Review: The Choosing by Rachelle Dekker

the-choosingThe Choosing
Rachelle Dekker
Tyndale

Amazon | Barnes & Noble | Goodreads

Seventeen year-old Carrington Hale is at the top of her class, a sure pick for some lucky man on her day of Choosing. Only, no one chooses her. Devastated and forced to leave her family behind, Carrington joins the masses of other unworthy, unchosen girls to serve as Lints, laborers whose only value lies in completing the menial tasks assigned to them.

Authorities are troubled by the murder of several Lint workers. The brutal killer must be stopped before he undermines the Authority of the Law and upsets the people. To reassure the people, when widowed leader Isaac makes the unorthodox request to choose a second bride, the ruling leaders ask him to choose a girl from among the Lints. And Carrington realizes this may be the second chance she’s been hoping for.

I liked that this wasn’t strictly a dystopian story. It definitely had all the elements of one, but it’s also the story of the pursuit of a serial killer. I’ve never seen a mash-up of those two genres before, and I think it really worked.

That said, I’m super squeamish to violence, particularly anything sexual or creepy, so this was not an easy read for me. If you have similar sensitivities or abuse history, consider this a trigger warning. You might want to steer clear of this one. The details are limited to a few scenes, but it definitely creeped me out.

I enjoyed Carrington and Remko’s characters a lot, though. She’s a great strong yet sensitive heroine. Remko definitely fits that strong silent type, so he definitely had me won over. I loved the banter between him and his friend Helms.

Since this is a Tyndale book, I expected a strong spiritual element, and there definitely is one. I felt like the story was a bit all humans are good, it’s the system that tries to tell you otherwise. I didn’t think it translated well to Christian doctrine. That said, often Christian fantasy follows the thread of a Creator God and leaves out the Jesus elements of the faith, so maybe I’m being too strict in my interpretation. But that was my opinion. For more on that, see the Spiritual Content section below.

find-amazonProfanity/Crude Language Content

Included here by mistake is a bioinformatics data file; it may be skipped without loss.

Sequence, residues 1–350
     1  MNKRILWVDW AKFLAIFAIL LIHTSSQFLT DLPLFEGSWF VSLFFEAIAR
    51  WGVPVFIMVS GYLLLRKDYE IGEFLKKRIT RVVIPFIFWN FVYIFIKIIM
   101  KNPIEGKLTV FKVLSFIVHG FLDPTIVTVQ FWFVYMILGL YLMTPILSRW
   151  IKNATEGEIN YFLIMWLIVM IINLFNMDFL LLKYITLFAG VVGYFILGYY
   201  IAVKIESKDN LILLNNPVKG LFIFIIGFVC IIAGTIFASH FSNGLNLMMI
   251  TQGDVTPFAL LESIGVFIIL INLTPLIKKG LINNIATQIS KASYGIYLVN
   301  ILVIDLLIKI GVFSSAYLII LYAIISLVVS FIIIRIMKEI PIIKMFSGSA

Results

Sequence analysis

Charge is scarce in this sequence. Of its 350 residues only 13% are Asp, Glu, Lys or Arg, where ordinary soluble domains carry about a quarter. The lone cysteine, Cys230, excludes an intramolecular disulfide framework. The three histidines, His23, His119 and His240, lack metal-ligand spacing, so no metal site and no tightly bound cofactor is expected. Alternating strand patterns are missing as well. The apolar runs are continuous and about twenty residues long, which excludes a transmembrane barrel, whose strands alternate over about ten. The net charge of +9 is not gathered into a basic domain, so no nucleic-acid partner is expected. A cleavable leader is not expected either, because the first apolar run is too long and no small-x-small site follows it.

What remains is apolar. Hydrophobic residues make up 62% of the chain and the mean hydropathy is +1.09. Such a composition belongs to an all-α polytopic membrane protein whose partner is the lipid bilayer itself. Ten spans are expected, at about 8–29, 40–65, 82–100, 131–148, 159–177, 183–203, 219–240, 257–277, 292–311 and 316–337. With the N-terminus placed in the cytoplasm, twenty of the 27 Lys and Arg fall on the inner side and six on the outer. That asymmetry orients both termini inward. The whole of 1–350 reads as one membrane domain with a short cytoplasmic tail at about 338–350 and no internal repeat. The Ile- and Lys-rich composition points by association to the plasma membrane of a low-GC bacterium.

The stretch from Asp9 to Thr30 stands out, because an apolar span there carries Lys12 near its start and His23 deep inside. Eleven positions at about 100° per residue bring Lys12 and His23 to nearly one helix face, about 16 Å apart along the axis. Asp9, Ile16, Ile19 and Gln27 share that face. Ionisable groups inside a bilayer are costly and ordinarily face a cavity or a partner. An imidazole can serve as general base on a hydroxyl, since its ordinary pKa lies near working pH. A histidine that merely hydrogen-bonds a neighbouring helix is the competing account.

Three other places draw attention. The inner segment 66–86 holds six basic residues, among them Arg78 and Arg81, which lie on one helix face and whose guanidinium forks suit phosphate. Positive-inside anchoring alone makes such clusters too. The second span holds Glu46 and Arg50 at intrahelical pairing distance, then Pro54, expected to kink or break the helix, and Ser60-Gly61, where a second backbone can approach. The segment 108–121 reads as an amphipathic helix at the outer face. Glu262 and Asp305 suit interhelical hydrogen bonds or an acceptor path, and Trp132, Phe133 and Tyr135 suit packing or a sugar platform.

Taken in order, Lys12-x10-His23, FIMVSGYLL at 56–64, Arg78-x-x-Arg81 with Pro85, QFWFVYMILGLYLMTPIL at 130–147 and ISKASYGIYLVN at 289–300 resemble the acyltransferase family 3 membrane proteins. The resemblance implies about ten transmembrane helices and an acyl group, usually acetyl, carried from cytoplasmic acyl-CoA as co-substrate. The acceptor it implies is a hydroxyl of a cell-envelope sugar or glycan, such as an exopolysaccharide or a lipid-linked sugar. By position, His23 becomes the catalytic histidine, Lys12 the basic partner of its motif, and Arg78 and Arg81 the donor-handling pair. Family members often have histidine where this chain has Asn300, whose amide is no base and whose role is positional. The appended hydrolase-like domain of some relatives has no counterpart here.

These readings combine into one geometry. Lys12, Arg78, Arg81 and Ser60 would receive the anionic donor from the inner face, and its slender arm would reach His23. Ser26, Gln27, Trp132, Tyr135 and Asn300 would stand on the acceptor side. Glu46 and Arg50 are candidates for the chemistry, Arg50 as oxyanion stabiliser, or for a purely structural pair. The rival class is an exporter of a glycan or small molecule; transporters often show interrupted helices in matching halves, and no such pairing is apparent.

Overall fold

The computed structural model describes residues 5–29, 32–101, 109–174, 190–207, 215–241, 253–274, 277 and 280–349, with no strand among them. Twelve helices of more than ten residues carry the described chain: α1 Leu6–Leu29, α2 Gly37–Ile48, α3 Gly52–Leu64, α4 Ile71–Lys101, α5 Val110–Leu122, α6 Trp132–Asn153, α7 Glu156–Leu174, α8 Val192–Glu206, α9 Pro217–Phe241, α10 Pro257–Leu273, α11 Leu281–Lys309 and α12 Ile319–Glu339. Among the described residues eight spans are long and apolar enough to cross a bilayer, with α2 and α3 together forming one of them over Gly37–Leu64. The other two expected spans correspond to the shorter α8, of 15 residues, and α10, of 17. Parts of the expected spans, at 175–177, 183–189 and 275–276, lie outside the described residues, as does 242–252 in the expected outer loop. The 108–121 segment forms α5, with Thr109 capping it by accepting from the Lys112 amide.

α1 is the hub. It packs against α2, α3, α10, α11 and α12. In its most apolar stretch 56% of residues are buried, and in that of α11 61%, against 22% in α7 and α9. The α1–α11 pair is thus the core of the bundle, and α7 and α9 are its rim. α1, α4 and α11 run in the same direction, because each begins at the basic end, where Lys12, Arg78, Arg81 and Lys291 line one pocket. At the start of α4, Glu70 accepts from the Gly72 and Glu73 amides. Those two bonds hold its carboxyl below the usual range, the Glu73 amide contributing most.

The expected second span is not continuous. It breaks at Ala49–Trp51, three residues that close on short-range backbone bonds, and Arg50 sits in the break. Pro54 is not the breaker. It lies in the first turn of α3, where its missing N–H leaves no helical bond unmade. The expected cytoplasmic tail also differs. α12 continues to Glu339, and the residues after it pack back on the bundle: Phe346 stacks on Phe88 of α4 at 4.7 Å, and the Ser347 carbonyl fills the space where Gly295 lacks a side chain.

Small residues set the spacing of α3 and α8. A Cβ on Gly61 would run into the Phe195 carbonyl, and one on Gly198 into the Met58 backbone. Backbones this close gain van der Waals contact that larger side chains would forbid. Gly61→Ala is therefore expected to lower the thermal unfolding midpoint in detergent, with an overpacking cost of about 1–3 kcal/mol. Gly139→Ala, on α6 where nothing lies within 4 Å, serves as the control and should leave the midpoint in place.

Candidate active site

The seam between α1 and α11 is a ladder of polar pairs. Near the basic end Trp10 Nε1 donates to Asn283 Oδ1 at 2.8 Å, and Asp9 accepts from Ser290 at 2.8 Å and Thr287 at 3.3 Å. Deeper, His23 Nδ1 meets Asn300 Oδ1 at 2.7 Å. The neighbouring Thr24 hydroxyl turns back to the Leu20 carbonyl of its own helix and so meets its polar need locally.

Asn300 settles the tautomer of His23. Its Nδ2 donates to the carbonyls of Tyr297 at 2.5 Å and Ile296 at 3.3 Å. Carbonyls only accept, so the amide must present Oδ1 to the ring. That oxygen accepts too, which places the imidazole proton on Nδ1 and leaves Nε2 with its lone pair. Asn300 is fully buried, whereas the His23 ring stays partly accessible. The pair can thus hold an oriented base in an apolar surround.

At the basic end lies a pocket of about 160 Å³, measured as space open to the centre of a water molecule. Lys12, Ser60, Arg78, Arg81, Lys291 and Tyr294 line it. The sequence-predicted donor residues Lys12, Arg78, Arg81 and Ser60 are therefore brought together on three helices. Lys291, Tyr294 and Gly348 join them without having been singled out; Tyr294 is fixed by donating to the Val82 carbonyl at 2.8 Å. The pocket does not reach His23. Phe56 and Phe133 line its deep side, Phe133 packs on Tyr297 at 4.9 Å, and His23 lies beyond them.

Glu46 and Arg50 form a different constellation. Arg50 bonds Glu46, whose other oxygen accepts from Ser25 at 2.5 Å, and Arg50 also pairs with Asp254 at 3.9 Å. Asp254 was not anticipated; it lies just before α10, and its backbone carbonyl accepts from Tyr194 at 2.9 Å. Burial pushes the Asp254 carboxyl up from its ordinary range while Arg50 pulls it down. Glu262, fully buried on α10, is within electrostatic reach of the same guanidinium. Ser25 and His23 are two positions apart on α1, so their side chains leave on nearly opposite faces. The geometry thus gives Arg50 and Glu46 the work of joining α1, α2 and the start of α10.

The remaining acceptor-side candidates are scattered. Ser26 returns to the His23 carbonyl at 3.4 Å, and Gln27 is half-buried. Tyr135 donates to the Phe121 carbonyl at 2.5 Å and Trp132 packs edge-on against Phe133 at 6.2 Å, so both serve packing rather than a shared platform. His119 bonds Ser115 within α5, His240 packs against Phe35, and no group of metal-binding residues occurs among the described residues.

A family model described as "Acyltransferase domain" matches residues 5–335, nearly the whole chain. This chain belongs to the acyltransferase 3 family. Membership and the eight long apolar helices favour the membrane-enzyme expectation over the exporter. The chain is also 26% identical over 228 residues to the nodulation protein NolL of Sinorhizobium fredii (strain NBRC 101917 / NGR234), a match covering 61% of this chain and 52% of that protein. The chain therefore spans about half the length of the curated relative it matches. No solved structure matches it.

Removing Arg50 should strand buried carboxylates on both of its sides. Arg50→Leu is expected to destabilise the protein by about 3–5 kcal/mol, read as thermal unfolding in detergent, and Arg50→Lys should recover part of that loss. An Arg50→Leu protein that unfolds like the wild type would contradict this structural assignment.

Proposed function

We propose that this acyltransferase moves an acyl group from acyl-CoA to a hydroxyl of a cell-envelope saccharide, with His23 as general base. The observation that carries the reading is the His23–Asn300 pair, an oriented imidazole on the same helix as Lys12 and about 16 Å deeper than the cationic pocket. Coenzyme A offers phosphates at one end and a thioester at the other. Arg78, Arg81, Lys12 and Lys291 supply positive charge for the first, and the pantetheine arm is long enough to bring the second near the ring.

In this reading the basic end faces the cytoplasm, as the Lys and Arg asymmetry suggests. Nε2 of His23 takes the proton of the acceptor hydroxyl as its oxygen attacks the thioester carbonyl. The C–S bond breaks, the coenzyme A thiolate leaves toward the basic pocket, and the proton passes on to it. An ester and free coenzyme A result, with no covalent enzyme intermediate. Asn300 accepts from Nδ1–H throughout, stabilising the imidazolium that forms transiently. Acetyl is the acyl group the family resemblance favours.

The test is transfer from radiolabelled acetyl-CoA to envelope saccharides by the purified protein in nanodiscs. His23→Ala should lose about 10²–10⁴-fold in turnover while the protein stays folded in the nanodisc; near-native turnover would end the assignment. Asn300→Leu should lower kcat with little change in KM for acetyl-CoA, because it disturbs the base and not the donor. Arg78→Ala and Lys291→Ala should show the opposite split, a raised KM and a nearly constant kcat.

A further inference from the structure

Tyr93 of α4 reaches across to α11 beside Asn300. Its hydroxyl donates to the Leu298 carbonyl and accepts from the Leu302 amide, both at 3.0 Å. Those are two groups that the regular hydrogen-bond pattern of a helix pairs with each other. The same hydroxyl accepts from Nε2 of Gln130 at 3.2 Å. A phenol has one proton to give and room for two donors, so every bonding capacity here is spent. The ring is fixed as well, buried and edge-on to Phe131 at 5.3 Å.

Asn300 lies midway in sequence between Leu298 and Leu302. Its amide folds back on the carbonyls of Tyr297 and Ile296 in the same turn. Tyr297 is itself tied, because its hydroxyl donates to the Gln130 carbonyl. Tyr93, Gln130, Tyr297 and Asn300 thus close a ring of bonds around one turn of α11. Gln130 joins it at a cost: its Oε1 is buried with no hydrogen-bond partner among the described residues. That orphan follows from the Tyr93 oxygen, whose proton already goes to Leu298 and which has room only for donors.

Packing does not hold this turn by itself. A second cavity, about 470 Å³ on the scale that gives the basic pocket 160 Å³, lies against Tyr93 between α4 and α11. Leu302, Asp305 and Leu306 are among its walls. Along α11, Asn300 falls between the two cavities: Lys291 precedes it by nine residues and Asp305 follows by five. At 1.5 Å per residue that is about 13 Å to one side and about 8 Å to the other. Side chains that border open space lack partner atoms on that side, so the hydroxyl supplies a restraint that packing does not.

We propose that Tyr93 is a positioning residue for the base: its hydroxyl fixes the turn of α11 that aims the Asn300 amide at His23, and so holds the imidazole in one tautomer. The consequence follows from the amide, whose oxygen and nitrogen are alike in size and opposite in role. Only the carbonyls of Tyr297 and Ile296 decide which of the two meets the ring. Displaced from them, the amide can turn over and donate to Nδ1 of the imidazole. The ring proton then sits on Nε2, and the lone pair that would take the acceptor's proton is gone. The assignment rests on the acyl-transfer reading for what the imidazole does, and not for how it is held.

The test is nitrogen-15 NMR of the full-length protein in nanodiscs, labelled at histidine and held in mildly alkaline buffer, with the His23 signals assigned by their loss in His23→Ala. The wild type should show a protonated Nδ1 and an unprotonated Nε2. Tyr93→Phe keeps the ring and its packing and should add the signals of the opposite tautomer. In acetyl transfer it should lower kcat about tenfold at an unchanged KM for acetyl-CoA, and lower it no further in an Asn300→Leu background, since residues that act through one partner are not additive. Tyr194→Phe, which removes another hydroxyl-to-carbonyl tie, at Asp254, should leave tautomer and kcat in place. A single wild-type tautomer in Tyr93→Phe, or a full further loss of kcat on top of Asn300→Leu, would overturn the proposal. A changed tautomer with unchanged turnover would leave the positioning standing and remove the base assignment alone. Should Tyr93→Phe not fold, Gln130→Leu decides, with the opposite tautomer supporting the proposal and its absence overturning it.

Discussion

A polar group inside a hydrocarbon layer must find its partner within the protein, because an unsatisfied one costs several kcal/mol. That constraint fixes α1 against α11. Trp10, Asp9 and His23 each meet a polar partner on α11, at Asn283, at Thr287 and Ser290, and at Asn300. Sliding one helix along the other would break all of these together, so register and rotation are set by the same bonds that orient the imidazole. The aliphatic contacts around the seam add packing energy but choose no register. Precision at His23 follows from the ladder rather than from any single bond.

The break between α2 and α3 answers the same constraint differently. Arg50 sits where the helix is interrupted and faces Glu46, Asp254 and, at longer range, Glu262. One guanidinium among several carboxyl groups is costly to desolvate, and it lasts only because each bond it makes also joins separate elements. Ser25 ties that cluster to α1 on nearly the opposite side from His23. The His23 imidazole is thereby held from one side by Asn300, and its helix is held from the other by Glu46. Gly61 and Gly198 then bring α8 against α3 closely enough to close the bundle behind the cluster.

None.

Romance/Sexual Content
Brief kisses.

Spiritual Content
Carrington’s people believe a sort of perverted version of the Bible, handed down to them by a historical leader. According to the rules, women are unworthy second-class citizens to be helpers and laborers. A spiritual revolutionary named Aaron challenges the ideas of the current leadership, telling his followers, you are blameless, perfect, worthy.

The twisted version of scripture used by leadership to control the populace reminded me a little bit of the book used by leadership in Delirium by Lauren Oliver. I found Aaron’s teaching to be really more Unitarian than strictly Christian, if that makes sense. I felt like the idea that we are blameless and perfect sort of flies in the face of the Christian doctrine that it’s only by Jesus’ sacrifice that we are found blameless.

Violent Content and Trigger Warning
An assassin slashes the throat of a guard before killing himself.

A man at first woes his potential bride with kindness, but soon turns to threats and abuse.

A serial killer has been killing women laborers using bleach internally and externally. Some scenes feature the killer with a bound victim who begs for help.

Drug Content
None.

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About Kasey Giard

Kasey is a mother, reader and aspiring author. When she's not reading or writing, you might find her out on the water fly fishing, pretending she can keep houseplants alive, or talking with the family rescue cat.
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2 Responses to Review: The Choosing by Rachelle Dekker

  1. Dianna says:

    I really like the way you break down the features of the book by violence, content, etc.

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